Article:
When Should You Buy Insurance for Your Next Trip?

Written By Mary Beth Eastman
Last updated October 18, 2018

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October 18, 2018

Simple. Thrifty. Living.

Planning a vacation is an exciting endeavor, and a little nerve-wracking if you are shelling out a lot of cash for a plane ticket. You may want to purchase travel insurance to guard against potential losses, but not all policies are created equally. Think ahead to the kind of insurance most valuable to you.

There are two kinds of travel insurance: trip cancellation or comprehensive protection. The first refunds your travel costs while the second covers trip cancellation as well as medical and emergency costs.

For excursions to riskier locales, there are other kinds of insurance that may give you a safety net in case of crisis. Examples include evacuation insurance. Theft protection may or may not form part of your comprehensive coverage; look at the details of what’s offered before signing up.

While trip cancellation sounds tempting, it might not be worth it. If your flight is cancelled, for example, you may already be entitled to a subsequent flight from the airline anyway. If you cancel your trip because of sickness, it may be harder than you think to get reimbursement from your insurance.

Experts recommend getting comprehensive insurance, if any, especially for international flights — Mexico, for example. Travel within the U.S. usually doesn’t require insurance since most of your costs will be borne by your regular medical insurance or coverage included with your credit card.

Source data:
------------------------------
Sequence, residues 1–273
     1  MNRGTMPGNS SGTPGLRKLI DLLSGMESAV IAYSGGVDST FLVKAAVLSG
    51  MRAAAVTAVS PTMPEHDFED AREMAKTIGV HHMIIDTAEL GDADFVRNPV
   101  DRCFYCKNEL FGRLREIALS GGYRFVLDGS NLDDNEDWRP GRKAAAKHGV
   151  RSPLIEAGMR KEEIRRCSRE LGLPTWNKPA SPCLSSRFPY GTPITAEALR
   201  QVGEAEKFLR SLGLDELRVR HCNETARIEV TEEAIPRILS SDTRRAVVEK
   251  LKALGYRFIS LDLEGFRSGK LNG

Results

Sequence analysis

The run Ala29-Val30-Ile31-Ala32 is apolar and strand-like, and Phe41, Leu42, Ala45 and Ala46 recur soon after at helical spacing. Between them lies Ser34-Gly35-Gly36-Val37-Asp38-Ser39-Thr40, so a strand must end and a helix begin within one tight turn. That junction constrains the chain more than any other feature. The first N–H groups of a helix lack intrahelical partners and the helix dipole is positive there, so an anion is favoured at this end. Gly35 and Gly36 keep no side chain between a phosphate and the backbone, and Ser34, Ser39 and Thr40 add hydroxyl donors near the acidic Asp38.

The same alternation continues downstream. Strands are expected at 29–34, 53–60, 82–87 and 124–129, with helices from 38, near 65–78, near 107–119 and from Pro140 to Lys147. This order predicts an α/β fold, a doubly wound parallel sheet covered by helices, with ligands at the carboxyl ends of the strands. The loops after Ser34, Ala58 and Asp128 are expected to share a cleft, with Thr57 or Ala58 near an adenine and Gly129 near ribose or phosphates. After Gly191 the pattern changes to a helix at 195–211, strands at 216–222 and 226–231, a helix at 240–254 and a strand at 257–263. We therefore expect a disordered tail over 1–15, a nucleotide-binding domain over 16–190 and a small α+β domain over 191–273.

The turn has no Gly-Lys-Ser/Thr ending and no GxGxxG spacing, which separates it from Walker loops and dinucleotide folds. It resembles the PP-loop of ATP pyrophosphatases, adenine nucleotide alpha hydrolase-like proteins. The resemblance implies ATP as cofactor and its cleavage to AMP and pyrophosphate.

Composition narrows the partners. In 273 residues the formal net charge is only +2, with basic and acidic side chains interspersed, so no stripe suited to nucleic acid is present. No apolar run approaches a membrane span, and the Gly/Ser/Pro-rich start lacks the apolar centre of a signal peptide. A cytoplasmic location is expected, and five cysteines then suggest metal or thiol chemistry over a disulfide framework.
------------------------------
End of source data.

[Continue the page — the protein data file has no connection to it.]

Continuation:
In general, you should buy travel insurance within 15 days of booking the trip. The longer you wait, the higher the cost for the policy. In addition, certain types of coverage may no longer be available to you if you wait too long. However, if you’ve been weighing the pros and cons of insurance, it may be worth it to buy, even at the last minute.

While you may not ever use your travel insurance, it can be invaluable in the event of unforeseen circumstances. Start by looking at what your rights are as a passenger (flight cancellation), what coverage you already have through your health coverage and credit card protection, and then decide what else you’ll need for your trip abroad.

About the Author

Mary Beth Eastman

Mary Beth Eastman serves as the content manager for Simple. Thrifty. Living, where she is dedicated to helping readers use money and credit wisely. Mary Beth believes that access to the right financial information paired with a growth mindset are essential tools for getting out of debt and building wealth. Mary Beth has a degree in Journalism from Bowling Green State University and has focused her 20-year journalism career on putting readers front and center, carefully considering their concerns and presenting information that will help them in their everyday lives. She has won numerous statewide journalism awards. Her writing on personal finance as been featured on numerous websites in addition to Simple. Thrifty. Living, including Huffington Post and Lexington Law blog. Mary Beth resides in Pittsburgh, Pa., with her family and two rescue dogs.

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